Kids are active creatures, but not always! Thanks to social media and video games, many children now prefer a sedentary lifestyle. This has enormous implications for child health. For instance, 18.5% of youth were obese in 2015–2016.
This trend may have you worried about your own children’s health. And it might even have you reconsidering your own lifestyle. To help encourage both your kids and you to get more active, consider the following suggestions.
Sign Them Up for Programs that Emphasize Fun, Fitness, and Friendships
Active, fun, and social after-school programs are a win-win. As a busy mama, you can have time to yourself while your kids are safely engaged elsewhere. Meanwhile, your kids have the opportunity to be active, explore, learn, and form friendships. And no, they’re not limited to sports teams.
- A program like Scouts can allow kids to explore nature and learn handy, resourceful skills. Such a program also promotes leadership and healthy relationships, so it may be good for shy kids.
- Academically-minded kids may enjoy a science program that explores the biology of the local ecosystem.
- Artsy kids can join a program that encourages exploring landscapes, cityscapes, and architecture.
- Animal-loving kids may want to take up horseback riding or to volunteer at a pet or wildlife rescue center.
- Unconventional sports like canoeing, rock climbing, fencing, or skiing may satisfy a kid’s natural curiosity and sense of adventure.
Now, after-school programs may not be cheap, but do look around your area. Churches, schools, and community centers often offer affordable programs for community members. Allow your kid to explore a diversity of casual programs while they’re young.That way, you know early on what programs to invest in.
Don’t Be Paranoid, but Teach Your Kids Healthy Habits
The fear of being near germs shouldn’t keep your kids from doing other healthy things like playing in the woods. The hygiene hypothesis even suggests that being too clean is causing an increase in allergic disorders. Instead of shielding your kids, teach them healthy habits like:
- Washing their hands after using the bathroom and before eating
- Sneezing into the inside of their elbow instead of their hands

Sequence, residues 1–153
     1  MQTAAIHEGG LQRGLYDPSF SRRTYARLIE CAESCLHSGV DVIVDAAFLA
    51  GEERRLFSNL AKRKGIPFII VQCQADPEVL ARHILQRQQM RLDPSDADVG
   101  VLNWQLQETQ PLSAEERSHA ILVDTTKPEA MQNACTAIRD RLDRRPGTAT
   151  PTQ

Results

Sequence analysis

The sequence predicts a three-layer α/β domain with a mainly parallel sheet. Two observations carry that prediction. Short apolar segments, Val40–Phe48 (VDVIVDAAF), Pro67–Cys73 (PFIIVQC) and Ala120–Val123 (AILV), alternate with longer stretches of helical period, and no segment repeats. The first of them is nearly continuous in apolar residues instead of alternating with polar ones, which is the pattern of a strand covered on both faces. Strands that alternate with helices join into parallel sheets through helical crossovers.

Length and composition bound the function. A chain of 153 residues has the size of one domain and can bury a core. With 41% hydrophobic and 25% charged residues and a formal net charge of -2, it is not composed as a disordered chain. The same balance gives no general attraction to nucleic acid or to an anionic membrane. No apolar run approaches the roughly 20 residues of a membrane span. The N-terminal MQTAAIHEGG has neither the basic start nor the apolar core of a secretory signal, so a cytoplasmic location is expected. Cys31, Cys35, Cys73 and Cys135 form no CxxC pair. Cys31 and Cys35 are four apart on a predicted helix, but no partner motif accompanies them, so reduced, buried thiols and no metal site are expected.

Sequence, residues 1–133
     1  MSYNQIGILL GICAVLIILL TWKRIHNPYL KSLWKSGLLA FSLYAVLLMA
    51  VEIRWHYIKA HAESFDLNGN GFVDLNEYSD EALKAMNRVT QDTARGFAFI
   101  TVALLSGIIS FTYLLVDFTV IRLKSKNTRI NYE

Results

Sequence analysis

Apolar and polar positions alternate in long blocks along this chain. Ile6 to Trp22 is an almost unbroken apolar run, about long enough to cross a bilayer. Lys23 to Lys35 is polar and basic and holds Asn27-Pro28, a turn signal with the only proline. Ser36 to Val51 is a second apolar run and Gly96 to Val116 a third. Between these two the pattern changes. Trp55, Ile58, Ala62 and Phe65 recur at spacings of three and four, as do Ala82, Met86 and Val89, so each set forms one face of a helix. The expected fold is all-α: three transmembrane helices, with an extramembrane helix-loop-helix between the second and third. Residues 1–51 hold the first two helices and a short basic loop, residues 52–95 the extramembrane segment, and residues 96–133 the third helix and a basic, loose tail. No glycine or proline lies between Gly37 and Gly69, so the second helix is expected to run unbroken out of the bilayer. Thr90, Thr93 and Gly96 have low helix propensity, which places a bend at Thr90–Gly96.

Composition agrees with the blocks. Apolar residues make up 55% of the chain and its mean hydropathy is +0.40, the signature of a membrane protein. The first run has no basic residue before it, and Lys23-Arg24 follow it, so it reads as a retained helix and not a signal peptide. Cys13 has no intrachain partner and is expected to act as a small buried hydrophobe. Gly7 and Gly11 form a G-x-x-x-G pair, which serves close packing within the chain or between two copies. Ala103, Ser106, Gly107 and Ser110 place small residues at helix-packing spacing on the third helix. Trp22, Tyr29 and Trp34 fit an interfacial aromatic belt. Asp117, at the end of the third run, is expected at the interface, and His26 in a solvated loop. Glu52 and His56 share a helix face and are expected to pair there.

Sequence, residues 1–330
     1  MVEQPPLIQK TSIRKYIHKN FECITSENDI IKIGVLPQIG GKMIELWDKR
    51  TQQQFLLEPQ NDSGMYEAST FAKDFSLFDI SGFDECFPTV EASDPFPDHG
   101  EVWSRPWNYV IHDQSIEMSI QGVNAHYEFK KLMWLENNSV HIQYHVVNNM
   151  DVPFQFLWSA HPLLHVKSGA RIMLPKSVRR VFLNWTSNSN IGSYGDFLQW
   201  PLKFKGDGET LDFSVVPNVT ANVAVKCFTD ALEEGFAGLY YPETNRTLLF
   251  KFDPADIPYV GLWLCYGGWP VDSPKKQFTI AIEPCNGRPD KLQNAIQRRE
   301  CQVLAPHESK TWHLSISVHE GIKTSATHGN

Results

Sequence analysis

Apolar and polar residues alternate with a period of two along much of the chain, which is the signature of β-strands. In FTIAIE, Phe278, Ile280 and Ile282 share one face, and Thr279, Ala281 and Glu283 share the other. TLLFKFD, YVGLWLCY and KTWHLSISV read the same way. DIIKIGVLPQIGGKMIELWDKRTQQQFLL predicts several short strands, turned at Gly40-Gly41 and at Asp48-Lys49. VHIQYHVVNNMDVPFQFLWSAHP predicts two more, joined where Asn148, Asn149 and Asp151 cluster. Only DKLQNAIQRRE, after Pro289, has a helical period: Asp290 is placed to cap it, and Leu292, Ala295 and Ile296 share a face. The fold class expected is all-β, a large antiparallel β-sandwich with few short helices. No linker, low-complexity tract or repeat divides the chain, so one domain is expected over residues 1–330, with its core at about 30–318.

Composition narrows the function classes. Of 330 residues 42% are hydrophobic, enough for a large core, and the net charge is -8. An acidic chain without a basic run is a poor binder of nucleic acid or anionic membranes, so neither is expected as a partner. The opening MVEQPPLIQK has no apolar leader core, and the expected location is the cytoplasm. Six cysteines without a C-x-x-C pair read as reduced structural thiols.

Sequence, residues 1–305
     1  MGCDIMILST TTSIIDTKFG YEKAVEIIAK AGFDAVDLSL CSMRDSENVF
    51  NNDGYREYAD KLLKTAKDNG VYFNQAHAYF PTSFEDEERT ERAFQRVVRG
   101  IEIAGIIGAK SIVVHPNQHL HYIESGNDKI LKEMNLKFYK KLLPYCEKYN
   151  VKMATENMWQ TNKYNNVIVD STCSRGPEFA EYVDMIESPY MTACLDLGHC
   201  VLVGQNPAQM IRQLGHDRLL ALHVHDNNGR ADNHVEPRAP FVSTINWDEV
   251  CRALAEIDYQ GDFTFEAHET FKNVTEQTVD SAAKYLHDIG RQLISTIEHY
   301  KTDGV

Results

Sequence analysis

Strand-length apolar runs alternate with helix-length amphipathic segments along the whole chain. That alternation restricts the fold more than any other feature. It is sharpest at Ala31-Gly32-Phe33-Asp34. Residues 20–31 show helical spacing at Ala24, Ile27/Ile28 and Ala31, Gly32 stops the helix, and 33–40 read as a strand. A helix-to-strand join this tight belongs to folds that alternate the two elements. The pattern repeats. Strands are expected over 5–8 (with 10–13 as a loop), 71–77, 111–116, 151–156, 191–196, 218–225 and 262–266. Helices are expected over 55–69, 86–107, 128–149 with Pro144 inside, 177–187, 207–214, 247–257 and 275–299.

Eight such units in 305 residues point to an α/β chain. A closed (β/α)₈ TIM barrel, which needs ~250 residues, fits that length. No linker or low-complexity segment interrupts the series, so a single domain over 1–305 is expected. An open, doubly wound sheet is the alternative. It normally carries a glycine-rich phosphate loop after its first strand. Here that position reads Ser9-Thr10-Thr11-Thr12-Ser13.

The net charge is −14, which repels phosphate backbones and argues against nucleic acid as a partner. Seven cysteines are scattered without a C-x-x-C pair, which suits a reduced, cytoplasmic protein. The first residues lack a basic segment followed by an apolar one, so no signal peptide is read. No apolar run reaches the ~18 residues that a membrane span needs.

- Avoiding touching noses and mouths
- Staying hydrated throughout the day
To further secure your children’s health, keep their vaccinations current and have them stay at home if they’re sick. If your children have a chronic condition like asthma, speak with your pediatrician for the best ways to remain active. Are the medical costs of their condition hindering your ability to pay for their activities? To make medical costs more affordable, you can buy long-term, regular medications from international and Canadian pharmacy referral services.
Don’t Be Overprotective, but Do Teach Your Kids to Be Safe
Many kids stay indoors and remain sedentary these days because going out is considered unsafe. However, surfing the web all day might actually be more dangerous. Within reason, encourage your kids to go outside and play.
To maximize your peace of mind, teach your kids street smarts like these:
- Tell kids to travel in groups and to look out for each other.
- Instill safe street-crossing habits. Show your kids how to look both ways and make eye contact with drivers.
- Teach kids basic first-aid skills and how to call for help. Remind them to wear helmets when biking or skateboarding. Swimming lessons are also a good survival skill.
- Tell your kids to never get in the car of someone they don’t know. You can also make a code word for the family. This is helpful in an emergency if a stranger (like a police officer) has to pick them up.
When they’re too young to leave by themselves, bring your kids with you on errands to teach them life skills. Show your kids how to cross the street, order and pay at a café, and read the mall directory. Small outings to local places keep both you and your kid on your feet and outside.
What If My Kids Don’t Like Being Active?
- Kids who think they’re bad at sports won’t want to participate in them for fear of embarrassment and judgment.
- Busy parents may not have the time to drive kids to places where they can be active.
- Teens may be stressed by the pressures of achieving and getting into college.
- Some kids just don’t like sports.
So, getting your kids active may mean empowering them, arranging carpooling, and teaching time-management skills. A big motivator for kids to join an activity is if their friends are in it. A friend may also mean you have another parent to divide carpooling duties with!
What If I Don’t Like Exercising Either?
If you’re a parent who wants to encourage your kids to exercise, you have to walk the walk! Parenting is tiring. Many of us would rather relax with a glass of wine than exercise once the kids have gone to bed. Ironically, sweating and moving more can enrich our busy, stressful lives. Here are a few ideas to motivate you:
- Make fitness time your me-time. See fitness as less of a chore and more of a self-care session you treat yourself to.
- Conversely, spend time with your kids doing active, healthy activities. For example, invite them to help cook a healthy dinner. (Reward your kids for helping out!)
- Break your workouts into 10-minute increments throughout the day.
- Remind yourself that exercising can give you more energy and better mental health. Both are tools that will help you through the busy day!
It doesn’t matter whether you’re a kid or an adult, being active is a central part of being healthy. Hopefully, these tips will have you and your family moving more.
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